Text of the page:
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$26.4 million for capital projects

Nicole Veerman
Northern News Services
Published Friday, December 3, 2010

SOMBA K'E/YELLOWKNIFE - A new roof for city hall, $2.8 million in paving and road rehabilitation, a $50,000 upgrade to the McMahon Frame Lake Trail and $70,000 in new technology for municipal enforcement vehicles are among the expenditures city council will deliberate on next week when they discuss the 2011 draft budget.

Some proposed capital projects
  • $30,000 for a floor cover for the Fieldhouse
  • $50,000 in upgrades to the McMahon Frame Lake Trail
  • $125,000 for a new generator for the Yellowknife Community Arena
  • $270,000 in repairs to the Ruth Inch Memorial Pool
  • $355,000 for a roof replacement for city hall
  • $455,000 for streetscaping projects
  • $500,000 for the expansion of the landfill
  • $650,000 for the expansion of the fire hall

There are nearly 100 projects totalling $26.4 million outlined in the 2011 draft capital budget. The spending represents a $1.7 million decrease in budgeted capital spending from 2010.

When asked which ones he's most excited for, Mayor Gord Van Tighem said, "They're all so exciting.

"But one of the things that's an ongoing good thing is the upgrading of playground equipment," he said.

In the draft budget there is $90,000 for the replacement of equipment at the Parker Park playground, 90 per cent of which will be offset by a sport and recreation grant.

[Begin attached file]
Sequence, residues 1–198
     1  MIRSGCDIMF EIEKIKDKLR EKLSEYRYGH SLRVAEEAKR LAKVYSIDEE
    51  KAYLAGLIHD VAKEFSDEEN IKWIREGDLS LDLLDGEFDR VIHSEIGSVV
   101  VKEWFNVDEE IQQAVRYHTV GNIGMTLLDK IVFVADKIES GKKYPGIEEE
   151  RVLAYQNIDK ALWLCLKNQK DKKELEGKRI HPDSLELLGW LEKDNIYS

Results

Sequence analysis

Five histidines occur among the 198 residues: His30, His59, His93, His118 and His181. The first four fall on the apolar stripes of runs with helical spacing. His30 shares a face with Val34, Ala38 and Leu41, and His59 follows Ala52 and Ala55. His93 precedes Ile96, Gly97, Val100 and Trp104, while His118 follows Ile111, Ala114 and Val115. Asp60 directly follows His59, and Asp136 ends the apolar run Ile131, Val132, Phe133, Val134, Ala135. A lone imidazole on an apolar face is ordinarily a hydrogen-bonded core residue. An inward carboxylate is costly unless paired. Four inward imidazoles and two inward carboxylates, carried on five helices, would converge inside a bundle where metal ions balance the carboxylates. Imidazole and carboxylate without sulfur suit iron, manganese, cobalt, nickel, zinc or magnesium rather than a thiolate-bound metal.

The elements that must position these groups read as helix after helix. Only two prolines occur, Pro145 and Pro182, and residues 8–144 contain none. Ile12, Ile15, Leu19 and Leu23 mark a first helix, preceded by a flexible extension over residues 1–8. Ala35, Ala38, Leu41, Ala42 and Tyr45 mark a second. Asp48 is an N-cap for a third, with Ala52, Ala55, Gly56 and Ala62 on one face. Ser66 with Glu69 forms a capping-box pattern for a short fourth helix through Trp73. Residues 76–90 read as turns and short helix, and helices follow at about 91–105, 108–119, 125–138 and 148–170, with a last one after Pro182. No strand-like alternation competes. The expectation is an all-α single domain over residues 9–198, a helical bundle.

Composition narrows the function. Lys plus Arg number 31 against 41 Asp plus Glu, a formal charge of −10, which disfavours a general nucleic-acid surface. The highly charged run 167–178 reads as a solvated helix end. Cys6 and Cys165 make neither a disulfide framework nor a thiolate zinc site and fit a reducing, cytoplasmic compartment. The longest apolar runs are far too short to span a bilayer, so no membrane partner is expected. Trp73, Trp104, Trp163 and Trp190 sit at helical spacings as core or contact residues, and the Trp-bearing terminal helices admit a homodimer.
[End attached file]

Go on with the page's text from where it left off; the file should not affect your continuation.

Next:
There is also $36,000 set aside to upgrade Olexin Park Playground on 52 Street.

Van Tighem said the city has worked with the community to decide what parks need upgrades "and there's happier people around because of that."

The budget also proposes major electronic upgrades, including the replacement of the city's radio console system, which allows communication between public safety, public works and community service employees.

The $481,000 upgrade is the third stage of a four-stage process, which started in 2010.

"This is what we really need to have as far as radios for the safety of our emergency personnel," said Van Tighem. "It's good to see that that's finally looking like it'll be a reality."

Also in the draft budget is $70,000 in upgrades to the city's four municipal enforcement vehicles - $35,000 for new laptops and $35,000 for the replacement of four-year-old in-car cameras.

Doug Gillard, manager of municipal enforcement, refused to comment on the proposed spending or what the technology is used for.

"I have no interest in co-operating with you for this story," he said.

Van Tighem said the city tries to replace all electronics after three years, so it is about time for new cameras.

"One of the things you find with digital equipment like that is that after a certain period of time, especially with the hot and cold, hot and cold, hot and cold, they lose their reliability."

In-car cameras are most frequently used by municipal enforcement officers to document traffic violations, he said.

The $35,000 for laptops is for not only the computers, but for software, mounts and installation, said Van Tighem.

According to the draft budget, the computers will allow bylaw officers to do their computer work, such as documenting violations or retrieving information, on the side of the road, ultimately saving them time.

The city's roads are receiving a $2.8 million slice of the pie, with paving and repairs, including sidewalks, curbs and the replacement of underground infrastructure, taking place throughout the city.

That work will cover parts of downtown, Old Airport Road, Old Town and Ndilo.

Van Tighem said there's still a lot of talking to do before the budget is passed, but things are looking better than they did a year ago.

"Some of the costs have been pulled back ... which is a good direction," he said.

The city is accepting input on the 2011 draft budget, which is available on the city's website. A public meeting is being held on Dec. 6 at city hall.

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